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Tsai Ing-wen elected as first female President of Taiwan
The people of Taiwan elected their first female President a bookish technocrat who has vowed to put domestic concerns above deepened ties with China, which are increasingly seen here as a poisoned chalice. Tsai Ing-wen, a U.S.- and U.K.-trained scientist, and leader of the Beijing-skeptic Democratic Progressive Party (DPP), took some 56% of the vote to end eight years of Nationalist Party (Kuomintang or KMT) rule blighted by anemic growth and soaring inequality.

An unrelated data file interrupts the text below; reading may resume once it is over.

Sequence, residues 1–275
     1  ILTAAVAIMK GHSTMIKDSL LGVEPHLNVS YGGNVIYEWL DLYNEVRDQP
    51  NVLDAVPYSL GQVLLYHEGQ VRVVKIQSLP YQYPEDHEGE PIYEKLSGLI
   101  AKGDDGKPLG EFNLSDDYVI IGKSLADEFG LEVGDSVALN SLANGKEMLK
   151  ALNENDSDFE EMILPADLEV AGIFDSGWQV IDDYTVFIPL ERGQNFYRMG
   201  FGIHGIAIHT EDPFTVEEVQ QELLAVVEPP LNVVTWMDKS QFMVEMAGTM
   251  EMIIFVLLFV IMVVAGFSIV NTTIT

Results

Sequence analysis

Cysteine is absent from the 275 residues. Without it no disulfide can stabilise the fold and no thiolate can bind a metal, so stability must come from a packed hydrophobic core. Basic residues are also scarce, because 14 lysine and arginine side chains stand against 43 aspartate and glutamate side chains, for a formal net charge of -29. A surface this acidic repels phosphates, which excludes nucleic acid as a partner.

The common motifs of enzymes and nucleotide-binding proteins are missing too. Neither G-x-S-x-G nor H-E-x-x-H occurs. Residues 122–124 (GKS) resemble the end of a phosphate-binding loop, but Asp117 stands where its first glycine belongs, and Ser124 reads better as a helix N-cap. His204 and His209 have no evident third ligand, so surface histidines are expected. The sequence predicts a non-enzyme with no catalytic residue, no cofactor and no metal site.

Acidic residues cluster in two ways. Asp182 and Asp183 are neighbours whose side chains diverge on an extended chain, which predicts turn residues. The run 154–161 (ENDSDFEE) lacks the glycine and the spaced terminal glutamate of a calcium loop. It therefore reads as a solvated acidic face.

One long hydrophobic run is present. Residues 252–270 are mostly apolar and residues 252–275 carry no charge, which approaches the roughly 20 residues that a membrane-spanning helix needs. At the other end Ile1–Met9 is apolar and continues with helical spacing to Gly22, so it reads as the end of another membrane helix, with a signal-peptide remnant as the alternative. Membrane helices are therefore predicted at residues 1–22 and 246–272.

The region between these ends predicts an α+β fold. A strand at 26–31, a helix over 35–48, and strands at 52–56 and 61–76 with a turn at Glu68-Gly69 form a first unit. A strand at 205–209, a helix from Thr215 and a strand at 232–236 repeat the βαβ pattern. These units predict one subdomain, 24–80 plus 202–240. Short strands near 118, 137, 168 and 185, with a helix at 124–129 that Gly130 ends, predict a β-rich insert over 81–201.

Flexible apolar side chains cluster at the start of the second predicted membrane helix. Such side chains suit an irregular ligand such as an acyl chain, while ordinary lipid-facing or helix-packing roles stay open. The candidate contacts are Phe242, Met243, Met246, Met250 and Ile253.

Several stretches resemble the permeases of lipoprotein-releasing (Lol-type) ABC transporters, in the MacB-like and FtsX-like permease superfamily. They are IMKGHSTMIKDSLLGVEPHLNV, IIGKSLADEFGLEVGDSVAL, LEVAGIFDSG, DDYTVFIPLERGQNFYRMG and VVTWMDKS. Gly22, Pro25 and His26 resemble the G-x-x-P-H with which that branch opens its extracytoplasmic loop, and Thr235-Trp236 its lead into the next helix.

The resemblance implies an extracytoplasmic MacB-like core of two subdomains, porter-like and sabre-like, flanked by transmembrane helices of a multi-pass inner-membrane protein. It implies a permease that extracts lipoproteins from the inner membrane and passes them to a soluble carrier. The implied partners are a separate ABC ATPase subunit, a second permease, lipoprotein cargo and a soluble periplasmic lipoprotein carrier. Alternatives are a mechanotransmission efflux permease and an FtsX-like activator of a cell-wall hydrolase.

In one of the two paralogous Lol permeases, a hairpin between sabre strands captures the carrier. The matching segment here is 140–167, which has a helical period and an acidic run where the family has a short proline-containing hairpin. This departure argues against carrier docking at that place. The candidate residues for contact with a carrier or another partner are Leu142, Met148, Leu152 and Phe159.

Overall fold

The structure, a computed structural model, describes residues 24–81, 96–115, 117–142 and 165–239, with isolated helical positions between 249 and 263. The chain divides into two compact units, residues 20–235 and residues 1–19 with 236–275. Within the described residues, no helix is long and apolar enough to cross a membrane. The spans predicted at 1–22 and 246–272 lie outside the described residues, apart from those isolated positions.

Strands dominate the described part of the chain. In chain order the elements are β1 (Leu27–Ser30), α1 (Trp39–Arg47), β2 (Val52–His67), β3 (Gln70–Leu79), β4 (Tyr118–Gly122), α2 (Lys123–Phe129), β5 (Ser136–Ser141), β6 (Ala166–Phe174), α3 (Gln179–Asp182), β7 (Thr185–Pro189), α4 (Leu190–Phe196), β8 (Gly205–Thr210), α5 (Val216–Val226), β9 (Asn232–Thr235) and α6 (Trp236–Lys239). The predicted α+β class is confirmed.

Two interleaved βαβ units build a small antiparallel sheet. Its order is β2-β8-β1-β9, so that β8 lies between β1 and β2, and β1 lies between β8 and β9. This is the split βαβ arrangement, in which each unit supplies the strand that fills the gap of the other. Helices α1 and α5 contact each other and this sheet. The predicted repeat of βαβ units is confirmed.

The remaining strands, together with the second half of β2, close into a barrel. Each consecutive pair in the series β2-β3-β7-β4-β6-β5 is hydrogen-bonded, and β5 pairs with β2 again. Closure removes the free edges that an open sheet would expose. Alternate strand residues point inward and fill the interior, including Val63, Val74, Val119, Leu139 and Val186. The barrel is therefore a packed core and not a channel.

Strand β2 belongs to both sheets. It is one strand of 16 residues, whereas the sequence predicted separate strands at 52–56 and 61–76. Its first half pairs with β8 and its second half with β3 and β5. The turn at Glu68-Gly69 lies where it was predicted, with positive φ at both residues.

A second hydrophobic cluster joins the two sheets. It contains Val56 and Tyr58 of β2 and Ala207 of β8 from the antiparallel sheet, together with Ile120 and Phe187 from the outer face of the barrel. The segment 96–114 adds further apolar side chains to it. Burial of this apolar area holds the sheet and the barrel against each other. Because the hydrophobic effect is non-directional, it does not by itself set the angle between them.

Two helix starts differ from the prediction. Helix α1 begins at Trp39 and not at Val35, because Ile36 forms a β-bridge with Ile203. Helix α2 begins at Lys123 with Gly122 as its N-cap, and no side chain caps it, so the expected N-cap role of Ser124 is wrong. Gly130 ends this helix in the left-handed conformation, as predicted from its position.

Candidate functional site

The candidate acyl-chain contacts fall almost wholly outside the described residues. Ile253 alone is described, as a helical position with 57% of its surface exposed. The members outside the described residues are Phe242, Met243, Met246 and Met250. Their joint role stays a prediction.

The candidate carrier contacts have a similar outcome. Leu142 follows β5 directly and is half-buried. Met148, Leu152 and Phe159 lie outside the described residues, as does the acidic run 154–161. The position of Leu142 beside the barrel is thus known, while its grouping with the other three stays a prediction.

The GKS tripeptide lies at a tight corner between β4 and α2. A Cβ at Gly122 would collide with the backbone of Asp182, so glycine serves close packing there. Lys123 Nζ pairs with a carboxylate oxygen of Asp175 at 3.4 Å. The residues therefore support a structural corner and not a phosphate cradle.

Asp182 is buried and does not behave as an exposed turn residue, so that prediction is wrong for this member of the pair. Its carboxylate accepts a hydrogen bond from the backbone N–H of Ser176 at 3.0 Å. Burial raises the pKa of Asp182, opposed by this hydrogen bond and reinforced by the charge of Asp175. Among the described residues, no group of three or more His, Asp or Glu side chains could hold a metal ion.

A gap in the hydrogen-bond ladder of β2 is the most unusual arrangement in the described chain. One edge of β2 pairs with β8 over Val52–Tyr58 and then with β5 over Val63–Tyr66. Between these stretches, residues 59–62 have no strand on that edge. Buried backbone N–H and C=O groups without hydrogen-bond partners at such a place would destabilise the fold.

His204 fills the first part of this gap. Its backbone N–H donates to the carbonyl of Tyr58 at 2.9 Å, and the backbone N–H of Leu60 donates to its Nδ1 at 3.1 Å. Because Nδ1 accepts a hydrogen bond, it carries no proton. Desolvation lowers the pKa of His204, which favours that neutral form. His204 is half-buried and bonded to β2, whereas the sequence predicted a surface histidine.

In the 2016 general elections, DPP which leads the camp that wants independence from China led by Tsai Ing-wen emerged victorious with 56% of the total vote share. She defeated Eric Chu of the ruling Kuomintang (KMT) Party that secured 31% vote share. China sees Taiwan as a breakaway province (island) which will one day be reunited with the mainland. China also has threatened to take back by force, if necessary. The two sides had split in 1949 after then nationalist KMT party had lost to the Chinese Communist Party (CCP) under Mao Zedong and had set up a new government in Taiwan. The KMT Party has ruled Taiwan for almost past 70 years and has overseen improved relations with China in recent times.